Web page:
I was 11 years old when I was introduced to the joy a horse can bring into your life. I was also introduced to the pain that accompanies getting thrown off or stupidly falling off.
My family moved to Bolivia South America in 1986. My parents were on staff at a school called Tambo. Tambo is nestled in the Comarapa valley in the Andes Mountains. The Pulquina River runs through the valley irrigating many fields of vegetables that are trucked to the cities. The arid climate is near perfect. In the summer there may be a hand full of days over 90 degrees and in the winter there might be a frost or two. The rest of the time the nights are cool and the days are warm. If there is a downfall to the climate, it is that it is a little on the dry side. But the lack of insects makes up for the dry air.
Tambo’s purpose was to educate the children of missionaries that lived around the country ministering in different capacities. Some of these people worked in the city, some in the Amazon jungle, and some high in the Andes Mountains. The students receive an American based, English education which helped them transition to life in the US after graduation.
The fertile valley is surrounded by mountains covered in cacti, mesquite, creosote, and other desert plants. Most everything native is covered in thorns unless it was planted and watered.
One of my parent’s co-workers named Paul Gess brought two horses for the students of Tambo to enjoy in April of 1987. Both were brown with black manes and tails and one had a white spot on his forehead. I believe Paul’s daughter Kathy named them Lightning and Thunder. They were not the best behaved and had very little training. They were not large horses, but I wouldn’t call them ponies either. Lightning was very laid back and stubborn while Thunder was the exact opposite. He would bolt at the drop of a hat, or as in most cases, a bird flying up out of a bush. I often felt like he was looking for an excuse to jump out of his skin and throw me off. He was fast and loved to run. When young or inexperienced kids wanted to ride a horse they were put on Lightning while Thunder was reserved for the experienced or brave riders.
Over the next two years I developed a bond with Thunder. We could often be seen riding around the school and the hills. Most of the time I rode him bareback. Saddles in Bolivia are nothing like American saddles and I was more comfortable without one. My parents bought me a nice Western saddle from another missionary, but I preferred to ride bareback because I felt it took too much time to put on the saddle. I would hold the reins in my left hand and grab a handful of mane with my right, while squeezing with my legs. My hand-me-down cowboy boots and black felt cowboy hat were two of my most prized possessions. A number of times I was caught off guard and collected a soil sample, but as time went on I became a confident and strong rider. I taught Thunder to neck reign and behave fairly well even though I had no idea how to train a horse when I started riding. Looking back, Thunder would have made a pretty good quarter horse. He could turn on a dime with a simple touch of the reigns to his neck and was explosive on a start. If he had a downfall it would be that he didn’t like to stop at times and he really didn’t like the saddle.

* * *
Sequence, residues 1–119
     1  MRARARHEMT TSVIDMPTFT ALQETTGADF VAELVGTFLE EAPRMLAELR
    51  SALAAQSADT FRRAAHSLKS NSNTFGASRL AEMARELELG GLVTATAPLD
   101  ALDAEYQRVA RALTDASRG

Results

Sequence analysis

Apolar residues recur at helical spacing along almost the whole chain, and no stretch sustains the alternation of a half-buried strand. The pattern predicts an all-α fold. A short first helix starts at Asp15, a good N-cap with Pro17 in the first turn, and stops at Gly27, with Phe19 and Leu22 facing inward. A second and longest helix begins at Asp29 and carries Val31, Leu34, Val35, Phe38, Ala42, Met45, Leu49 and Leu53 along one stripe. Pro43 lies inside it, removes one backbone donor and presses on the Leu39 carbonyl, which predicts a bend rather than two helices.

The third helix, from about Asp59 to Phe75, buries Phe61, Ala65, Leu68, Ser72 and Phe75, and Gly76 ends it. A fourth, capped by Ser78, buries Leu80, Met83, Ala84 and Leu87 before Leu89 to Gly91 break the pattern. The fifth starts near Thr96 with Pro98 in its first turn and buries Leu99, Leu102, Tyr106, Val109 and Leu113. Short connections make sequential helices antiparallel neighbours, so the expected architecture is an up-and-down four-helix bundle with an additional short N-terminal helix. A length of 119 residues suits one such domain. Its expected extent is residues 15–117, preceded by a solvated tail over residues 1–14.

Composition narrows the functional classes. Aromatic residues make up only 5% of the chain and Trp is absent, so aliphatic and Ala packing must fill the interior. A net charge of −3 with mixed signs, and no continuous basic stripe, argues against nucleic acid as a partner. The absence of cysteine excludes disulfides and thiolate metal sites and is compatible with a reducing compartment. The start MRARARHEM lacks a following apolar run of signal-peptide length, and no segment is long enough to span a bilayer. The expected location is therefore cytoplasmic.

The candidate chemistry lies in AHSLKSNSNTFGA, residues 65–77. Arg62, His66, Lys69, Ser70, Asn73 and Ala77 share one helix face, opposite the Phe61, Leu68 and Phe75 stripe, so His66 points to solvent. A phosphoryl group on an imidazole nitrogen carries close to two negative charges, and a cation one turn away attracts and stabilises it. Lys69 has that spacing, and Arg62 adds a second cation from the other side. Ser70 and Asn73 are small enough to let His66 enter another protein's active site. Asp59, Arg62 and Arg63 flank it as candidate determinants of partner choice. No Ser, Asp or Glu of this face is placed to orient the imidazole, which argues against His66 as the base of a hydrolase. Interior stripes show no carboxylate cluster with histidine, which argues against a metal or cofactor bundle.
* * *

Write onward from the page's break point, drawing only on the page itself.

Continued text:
I was 13 when Paul approached me one day and asked if I would like to have Thunder because he and his family were moving to the city. Of course, there was no hesitation. He gave Lightning to a girl named Jolynn Klontz. I had a motorcycle to ride around, but I really loved roaming the mountains on Thunder. We could go places I couldn’t take my motorcycle and see things that very few Americans had ever seen or probably have seen to this day. Often my dog Pepper would follow along a few feet behind us and I think the two enjoyed exploring and each other’s company. Thunder never kicked my dog no matter how close he got. There were endless miles of cow trails to be explored. While we lived in a desert, I learned of many places to find water for my horse and dog. Sometimes we would go ride in the shallow river and I even had a place he could swim briefly with me on his back. I never got lost and always remembered every trail and water hole. I know I worried my mother many times as I would disappear for most of the day and come home in time for dinner. Her fear was understandable, because if I had been injured the chances of ever finding me would be a miracle. Somehow we always made it home safe and sound.
When I was 17 Paul approached me with a project. In the past he and his family worked with a native people group in eastern Bolivia called Ayoreo. These people were nomadic in the past, but now had settled into a number of villages, both in Bolivia and Paraguay. One of these, called Tobite, is where they had worked for many years. Paul had helped start a cattle ranch as a way for the natives earn income. A man named Miguel and his family ran the ranch and he needed some help training a mule. Paul had seen my bravery and ability to hang onto a crazy animal and asked me to go spend some time with Miguel since his children were young and there was only so much he could do alone. Of course, being open to adventure, I accepted the challenge immediately, the only downfall was that I had to convince my parents to let me go.